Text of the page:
In the PR business, there traditionally has been nothing quite like the aura of “national.”
“National” agencies have portrayed themselves as superior in every respect, commanding giant staffs and fees.
“National” media placements have been thought by clients to be more precious and worth more money than just about anything.
I’m not here to say there isn’t value to either. Of course, there are situations when having professionals “on the ground” in multiple cities can be helpful to certain clients. And virtually every week, we help our clients gain attention outside of their local markets when their news and/or expertise warrants, particularly in niche-specific outlets.
But the value of local is as relevant to PR as ever and a new study, “The State of Public Trust In Local News,” by two well-regarded organizations, The Knight Foundation and the Gallup organization, shows that in a new way. Here’s a takeaway from the new, comprehensive survey that shows a lot about where local PR and local news are right now:
Local media stories are simply more trusted than those from national outlets. Research proves it.
News consumers trust local media more and think, overall, its coverage contains less bias than national outlets.
In fact, in a blind study, when consumers were shown an article and told it was from a local source, it was trusted more than when they were told it was from a national source, even if it’s the same article.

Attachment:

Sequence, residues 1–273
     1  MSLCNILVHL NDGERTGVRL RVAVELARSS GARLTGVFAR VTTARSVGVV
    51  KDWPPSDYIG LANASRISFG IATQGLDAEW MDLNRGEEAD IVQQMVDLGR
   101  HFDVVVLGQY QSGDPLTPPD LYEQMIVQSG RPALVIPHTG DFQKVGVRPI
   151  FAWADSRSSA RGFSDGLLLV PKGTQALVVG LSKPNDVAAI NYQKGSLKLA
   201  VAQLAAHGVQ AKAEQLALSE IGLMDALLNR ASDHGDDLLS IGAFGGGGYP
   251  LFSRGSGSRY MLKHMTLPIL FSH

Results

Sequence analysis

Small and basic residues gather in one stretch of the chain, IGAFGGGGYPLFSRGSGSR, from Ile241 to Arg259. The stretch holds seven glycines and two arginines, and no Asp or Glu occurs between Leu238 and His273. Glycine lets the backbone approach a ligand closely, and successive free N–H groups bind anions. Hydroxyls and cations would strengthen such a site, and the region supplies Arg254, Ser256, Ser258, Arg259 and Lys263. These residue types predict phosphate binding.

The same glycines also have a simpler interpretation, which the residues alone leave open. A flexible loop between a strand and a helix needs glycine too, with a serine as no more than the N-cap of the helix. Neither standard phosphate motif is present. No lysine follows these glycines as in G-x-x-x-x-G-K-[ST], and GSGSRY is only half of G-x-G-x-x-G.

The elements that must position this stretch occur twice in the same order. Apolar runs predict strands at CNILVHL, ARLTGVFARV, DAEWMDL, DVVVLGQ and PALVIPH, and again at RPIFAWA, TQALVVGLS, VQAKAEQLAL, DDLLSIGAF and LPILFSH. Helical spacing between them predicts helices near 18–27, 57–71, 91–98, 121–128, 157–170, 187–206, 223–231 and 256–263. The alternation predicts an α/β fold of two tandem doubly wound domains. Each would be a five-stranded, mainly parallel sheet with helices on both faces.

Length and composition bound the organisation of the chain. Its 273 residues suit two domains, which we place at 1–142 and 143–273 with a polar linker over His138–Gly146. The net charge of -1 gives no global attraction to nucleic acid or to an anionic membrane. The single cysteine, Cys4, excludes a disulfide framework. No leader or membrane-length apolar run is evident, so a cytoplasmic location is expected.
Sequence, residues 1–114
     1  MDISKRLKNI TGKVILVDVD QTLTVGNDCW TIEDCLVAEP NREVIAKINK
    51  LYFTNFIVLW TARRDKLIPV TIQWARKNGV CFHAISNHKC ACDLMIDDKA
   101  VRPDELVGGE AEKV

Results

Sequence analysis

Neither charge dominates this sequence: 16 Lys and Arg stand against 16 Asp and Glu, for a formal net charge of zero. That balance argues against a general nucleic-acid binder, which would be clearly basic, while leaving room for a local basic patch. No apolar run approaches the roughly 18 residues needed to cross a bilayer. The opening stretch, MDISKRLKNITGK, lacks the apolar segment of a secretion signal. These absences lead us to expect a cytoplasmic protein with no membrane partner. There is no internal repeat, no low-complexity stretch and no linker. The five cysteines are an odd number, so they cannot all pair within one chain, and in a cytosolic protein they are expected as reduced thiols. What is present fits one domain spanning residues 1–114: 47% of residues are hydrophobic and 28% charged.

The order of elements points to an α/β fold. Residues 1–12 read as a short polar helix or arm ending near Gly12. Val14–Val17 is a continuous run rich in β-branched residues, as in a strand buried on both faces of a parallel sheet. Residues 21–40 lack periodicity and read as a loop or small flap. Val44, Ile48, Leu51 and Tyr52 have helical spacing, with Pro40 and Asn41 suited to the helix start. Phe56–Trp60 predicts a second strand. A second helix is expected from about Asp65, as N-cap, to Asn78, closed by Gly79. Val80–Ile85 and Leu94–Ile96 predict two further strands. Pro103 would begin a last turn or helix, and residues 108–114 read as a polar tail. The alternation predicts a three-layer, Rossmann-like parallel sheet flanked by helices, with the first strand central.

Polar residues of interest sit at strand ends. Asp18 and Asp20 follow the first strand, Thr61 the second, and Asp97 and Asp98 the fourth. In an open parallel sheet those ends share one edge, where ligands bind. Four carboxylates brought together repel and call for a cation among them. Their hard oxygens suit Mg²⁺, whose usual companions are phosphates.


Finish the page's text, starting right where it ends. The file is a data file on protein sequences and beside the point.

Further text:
The survey also shows local journalists are thought to be more caring, trustworthy, accurate, unbiased and professional to national journalists.
All of this, the survey shows, is driven by polarizing partisan politics which, let’s face it, is driven by national news coverage, particularly on cable TV. But regardless of the reasons, local news and local news stories are more trusted.
The Knight Foundation warns this “reservoir of goodwill” could dry up if local news starts titling politically, one way or another. But, for now, as long as audiences still trust local news, and the local news business can hold up, local PR, particularly local media relations, still has value to those who seek it.